Petitioner also cites to an affidavit and supporting documents from Dr. Walter Frajola regarding independent testing of her blood sample. At best, the "evidence" shows that National Testing Services did not perform a proper independent test on Petitioner's blood sample. Petitioner, however, has not demonstrated that further testing would have yielded different results. Dr. Frajola's affidavit does not demonstrate what further testing would have revealed, or that further testing would have made any difference in this case.
The Court finds that Petitioner neither alleges an independent constitutional violation nor presents affirmative proof of her innocence. In fact, she argues only that the newly discovered evidence contains testimony that "lends credibility to [her] impression that she was surreptitiously dosed with intoxicants" -- not evidence which conclusively establishes that would have produced an acquittal if Petitioner had chosen to reject the plea agreement and go to trial.
Accordingly, the state court's decision to reject this claim was neither contrary to, nor an unreasonable application of, clearly established federal law, nor was it an unreasonable determination of the facts in light of the evidence presented. The Court will recommend that Petitioner's claim as asserted in Ground Four be denied.
E. Ground Five
In Ground Five, Petitioner contends that the factual basis for the plea was insufficient to support her guilty plea. Petitioner relies on Ariz.R.Crim.P. 17.3 to support her argument.
Petitioner has failed to establish that the state court's decision was contrary to, or involved an unreasonable application of, federal law. As such, the Court will recommend that Petitioner's claim as asserted in Ground Five be denied.
Petitioner pled guilty pursuant to a written plea agreement which the trial court accepted. Where a defendant pleads guilty, review is limited to whether the underlying plea was counseled and voluntary. See United States v. Broce, 488 U.S. 563, 569 (1989); Tollett v. Henderson, 411 U.S. 258, 267 (1973) ("When a criminal defendant has solemnly admitted in open court that he is in fact guilty of the offense of which he is charged, he may not thereafter raise independent claims relating to the deprivation of constitutional rights that occurred prior to the entry of the guilty plea. He may only attack the voluntary and intelligent character of the guilty plea by showing that the advice he received from counsel was [deficient.]").
The record demonstrates that Petitioner "knowingly, intelligently, and voluntarily" pled guilty pursuant to the terms of the plea agreements. (Doc. #1, App. 7 at 40.) Significantly, Petitioner attested to the accuracy of the factual bases for her guilty plea. (Doc. #1, App. 7 at 39.) A petitioner's "solemn declarations in open court carry a strong presumption of verity." United States v. Rubalcaba, 811 F.2d 491, 494 (9th Cir. 1987) (rejecting claim of involuntariness of guilty plea). In accepting Petitioner's guilty plea, the court noted that Petitioner had acknowledged that she was guilty of the charges set forth in the plea agreement and that there was a factual basis for Petitioner's plea. (Doc. #1, App. 7 at 37-40.)
Assuming, however, that the factual basis was flawed, it would nonetheless not give rise to a Constitutional violation. Federal Rule of Criminal Procedure 11 and Arizona Rule 17.3 require that there be a factual basis for the plea. Neither rule of procedure, however, is "constitutionally mandated." McCarthy v. U.S., 394 U.S. 459, 465 (1969) (citing Waddy v. Heer, 383 F.2d 789 (6th Cir. 1967)). If a plea is otherwise intelligent and voluntary, a state court is not required by the Constitution to establish a factual basis. See North Carolina v. Alford, 400 U.S. 25, 37-38 (1970) ("Thus, while most pleas of guilty consist of both a waiver of trial and an express admission of guilt, the later element is not a constitutional requisite to the imposition of criminal penalty. An individual accused of crime may voluntarily, knowingly, and understandingly consent to the imposition of a prison sentence even if he is unwilling or unable to admit his participation in the acts constituting the crime."); Rodriguez v. Ricketts, 777 F.2d 527, 527-28 (9th Cir. 1985) (per curiam) (rejecting petitioner's claim that he should be granted habeas corpus relief because his guilty plea was not supported by a factual basis on the grounds that, although a factual basis is required under Arizona law, "relief under section 2254(a) can be granted only for a violation of the United States Constitution, a federal statute, or a treaty" and "the due process clause does not impose on a state court the duty to establish a factual basis for a guilty plea absent special circumstances").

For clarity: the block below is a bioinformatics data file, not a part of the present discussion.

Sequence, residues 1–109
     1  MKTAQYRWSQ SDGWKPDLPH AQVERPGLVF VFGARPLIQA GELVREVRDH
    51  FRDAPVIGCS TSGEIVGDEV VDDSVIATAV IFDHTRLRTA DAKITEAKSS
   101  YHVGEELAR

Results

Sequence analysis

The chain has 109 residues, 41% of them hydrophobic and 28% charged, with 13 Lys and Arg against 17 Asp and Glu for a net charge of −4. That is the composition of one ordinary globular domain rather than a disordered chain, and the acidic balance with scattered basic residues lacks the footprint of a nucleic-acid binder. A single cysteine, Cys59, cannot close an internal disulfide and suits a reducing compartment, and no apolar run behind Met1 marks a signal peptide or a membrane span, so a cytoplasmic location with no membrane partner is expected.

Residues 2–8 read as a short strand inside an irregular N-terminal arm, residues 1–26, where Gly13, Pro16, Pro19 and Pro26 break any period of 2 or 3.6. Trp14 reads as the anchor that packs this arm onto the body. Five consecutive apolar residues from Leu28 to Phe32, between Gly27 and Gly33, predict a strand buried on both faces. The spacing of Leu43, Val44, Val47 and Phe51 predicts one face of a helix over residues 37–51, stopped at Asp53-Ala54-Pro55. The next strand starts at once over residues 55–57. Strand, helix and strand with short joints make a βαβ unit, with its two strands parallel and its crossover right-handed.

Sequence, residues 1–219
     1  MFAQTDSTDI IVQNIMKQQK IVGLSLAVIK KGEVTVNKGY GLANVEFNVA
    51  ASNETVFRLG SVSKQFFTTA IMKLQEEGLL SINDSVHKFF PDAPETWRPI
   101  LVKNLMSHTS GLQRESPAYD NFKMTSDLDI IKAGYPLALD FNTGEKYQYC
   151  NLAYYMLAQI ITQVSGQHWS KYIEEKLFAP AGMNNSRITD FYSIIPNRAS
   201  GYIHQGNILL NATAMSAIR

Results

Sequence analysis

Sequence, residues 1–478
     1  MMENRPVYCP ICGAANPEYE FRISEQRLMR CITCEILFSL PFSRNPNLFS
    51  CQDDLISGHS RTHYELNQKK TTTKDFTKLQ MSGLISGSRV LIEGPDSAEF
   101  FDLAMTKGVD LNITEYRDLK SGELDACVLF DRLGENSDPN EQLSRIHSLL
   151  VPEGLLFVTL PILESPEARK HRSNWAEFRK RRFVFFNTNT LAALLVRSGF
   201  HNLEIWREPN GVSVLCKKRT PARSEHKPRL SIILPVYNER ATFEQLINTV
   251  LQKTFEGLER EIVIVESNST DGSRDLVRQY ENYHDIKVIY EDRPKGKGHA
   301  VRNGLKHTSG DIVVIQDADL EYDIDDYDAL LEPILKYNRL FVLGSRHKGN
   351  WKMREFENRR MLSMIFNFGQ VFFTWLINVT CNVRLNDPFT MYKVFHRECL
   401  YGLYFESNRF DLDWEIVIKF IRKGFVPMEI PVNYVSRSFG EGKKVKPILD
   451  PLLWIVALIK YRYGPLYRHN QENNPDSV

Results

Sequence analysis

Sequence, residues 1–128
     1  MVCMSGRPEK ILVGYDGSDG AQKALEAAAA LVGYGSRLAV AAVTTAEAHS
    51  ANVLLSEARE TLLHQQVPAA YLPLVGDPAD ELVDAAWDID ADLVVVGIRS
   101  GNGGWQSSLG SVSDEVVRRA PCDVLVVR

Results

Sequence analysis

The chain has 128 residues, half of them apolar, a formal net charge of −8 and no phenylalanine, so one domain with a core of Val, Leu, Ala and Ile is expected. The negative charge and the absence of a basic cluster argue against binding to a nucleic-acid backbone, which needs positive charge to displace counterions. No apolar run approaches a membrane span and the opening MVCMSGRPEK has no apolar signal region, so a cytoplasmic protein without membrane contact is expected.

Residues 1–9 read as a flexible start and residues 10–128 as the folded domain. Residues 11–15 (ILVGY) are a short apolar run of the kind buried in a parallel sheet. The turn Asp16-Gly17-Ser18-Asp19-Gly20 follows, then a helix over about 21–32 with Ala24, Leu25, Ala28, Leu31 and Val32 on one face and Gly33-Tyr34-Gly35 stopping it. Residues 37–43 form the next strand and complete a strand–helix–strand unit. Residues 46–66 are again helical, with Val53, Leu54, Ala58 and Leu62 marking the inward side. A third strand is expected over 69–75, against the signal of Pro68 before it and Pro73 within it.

Thus, Petitioner's claim that her rights were violated based on the allegedly insufficient factual basis is not a valid Constitutional claim, because no right to a sufficient factual basis exists under the United States Constitution. As a result, Petitioner's claim is based only on the state court's failure to comply with Arizona Rule of Criminal Procedure 17.3, which, as a state law claim, is not subject to habeas corpus review. See Estelle v. McGuire, 502 U.S. 62, 67-68 (1991) (emphasizing that "it is not the province of a federal habeas court to re-examine state-court decisions on state-law questions").
Having determined that all five of Petitioner's claims either fail on the merits or are not cognizable on federal habeas review the Court will recommend that Petitioner's Petition for Writ of Habeas Corpus be denied and dismissed with prejudice.
IT IS THEREFORE RECOMMENDED that Petitioner's Petition for Writ of Habeas Corpus pursuant to 28 U.S.C. § 2254 (Doc. #1) be DENIED and DISMISSED WITH PREJUDICE;
IT IS FURTHER RECOMMENDED that a Certificate of Appealability and leave to proceed in forma pauperis on appeal be DENIED because Petitioner has not made a substantial showing of the denial of a constitutional right.
This recommendation is not an order that is immediately appealable to the Ninth Circuit Court of Appeals. Any notice of appeal pursuant to Rule 4(a)(1), Federal Rules of Appellate Procedure, should not be filed until entry of the district court's judgment. The parties shall have fourteen days from the date of service of a copy of this recommendation within which to file specific written objections with the Court. See 28 U.S.C. § 636(b)(1); Rules 72, 6(a), 6(b), Federal Rules of Civil Procedure. Thereafter, the parties have fourteen days within which to file a response to the objections. An objection or a response to an objection shall not exceed seventeen (17) pages, exclusive of attachments. Failure to timely file objections to the Magistrate Judge's Report and Recommendation may result in the acceptance of the Report and Recommendation by the district court without further review. See United States v. Reyna-Tapia, 328 F.3d 1114, 1121 (9th Cir. 2003). Failure timely to file objections to any factual determinations of the Magistrate Judge will be considered a waiver of a party's right to appellate review of the findings of fact in an order or judgment entered pursuant to the Magistrate Judge's recommendation. See Rule 72, Federal Rules of Civil Procedure.